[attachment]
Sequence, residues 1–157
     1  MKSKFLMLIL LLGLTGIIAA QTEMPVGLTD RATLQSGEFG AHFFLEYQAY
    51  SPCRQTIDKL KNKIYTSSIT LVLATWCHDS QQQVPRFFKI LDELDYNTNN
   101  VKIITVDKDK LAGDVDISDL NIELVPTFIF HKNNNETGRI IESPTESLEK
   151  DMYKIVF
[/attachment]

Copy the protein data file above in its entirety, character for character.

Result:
Sequence, residues 1–157
     1  MKSKFLMLIL LLGLTGIIAA QTEMPVGLTD RATLQSGEFG AHFFLEYQAY
    51  SPCRQTIDKL KNKIYTSSIT LVLATWCHDS QQQVPRFFKI LDELDYNTNN
   101  VKIITVDKDK LAGDVDISDL NIELVPTFIF HKNNNETGRI IESPTESLEK
   151  DMYKIVF